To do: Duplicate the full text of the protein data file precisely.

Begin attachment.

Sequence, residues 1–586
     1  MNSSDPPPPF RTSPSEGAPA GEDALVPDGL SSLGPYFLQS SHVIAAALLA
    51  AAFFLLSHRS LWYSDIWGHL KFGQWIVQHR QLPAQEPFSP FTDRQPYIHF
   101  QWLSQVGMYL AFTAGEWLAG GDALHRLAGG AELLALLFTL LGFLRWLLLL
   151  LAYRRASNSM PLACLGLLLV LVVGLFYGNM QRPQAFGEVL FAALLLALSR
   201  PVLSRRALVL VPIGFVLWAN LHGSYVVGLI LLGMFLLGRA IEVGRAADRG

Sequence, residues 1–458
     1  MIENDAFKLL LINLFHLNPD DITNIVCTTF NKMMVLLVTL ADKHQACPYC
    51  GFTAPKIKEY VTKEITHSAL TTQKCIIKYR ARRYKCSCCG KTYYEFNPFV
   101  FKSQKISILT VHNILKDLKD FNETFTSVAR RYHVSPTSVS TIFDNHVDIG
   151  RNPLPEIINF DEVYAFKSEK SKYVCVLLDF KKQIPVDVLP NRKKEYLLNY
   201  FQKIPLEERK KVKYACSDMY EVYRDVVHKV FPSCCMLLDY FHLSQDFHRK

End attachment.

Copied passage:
Sequence, residues 1–586
     1  MNSSDPPPPF RTSPSEGAPA GEDALVPDGL SSLGPYFLQS SHVIAAALLA
    51  AAFFLLSHRS LWYSDIWGHL KFGQWIVQHR QLPAQEPFSP FTDRQPYIHF
   101  QWLSQVGMYL AFTAGEWLAG GDALHRLAGG AELLALLFTL LGFLRWLLLL
   151  LAYRRASNSM PLACLGLLLV LVVGLFYGNM QRPQAFGEVL FAALLLALSR
   201  PVLSRRALVL VPIGFVLWAN LHGSYVVGLI LLGMFLLGRA IEVGRAADRG

Sequence, residues 1–458
     1  MIENDAFKLL LINLFHLNPD DITNIVCTTF NKMMVLLVTL ADKHQACPYC
    51  GFTAPKIKEY VTKEITHSAL TTQKCIIKYR ARRYKCSCCG KTYYEFNPFV
   101  FKSQKISILT VHNILKDLKD FNETFTSVAR RYHVSPTSVS TIFDNHVDIG
   151  RNPLPEIINF DEVYAFKSEK SKYVCVLLDF KKQIPVDVLP NRKKEYLLNY
   201  FQKIPLEERK KVKYACSDMY EVYRDVVHKV FPSCCMLLDY FHLSQDFHRK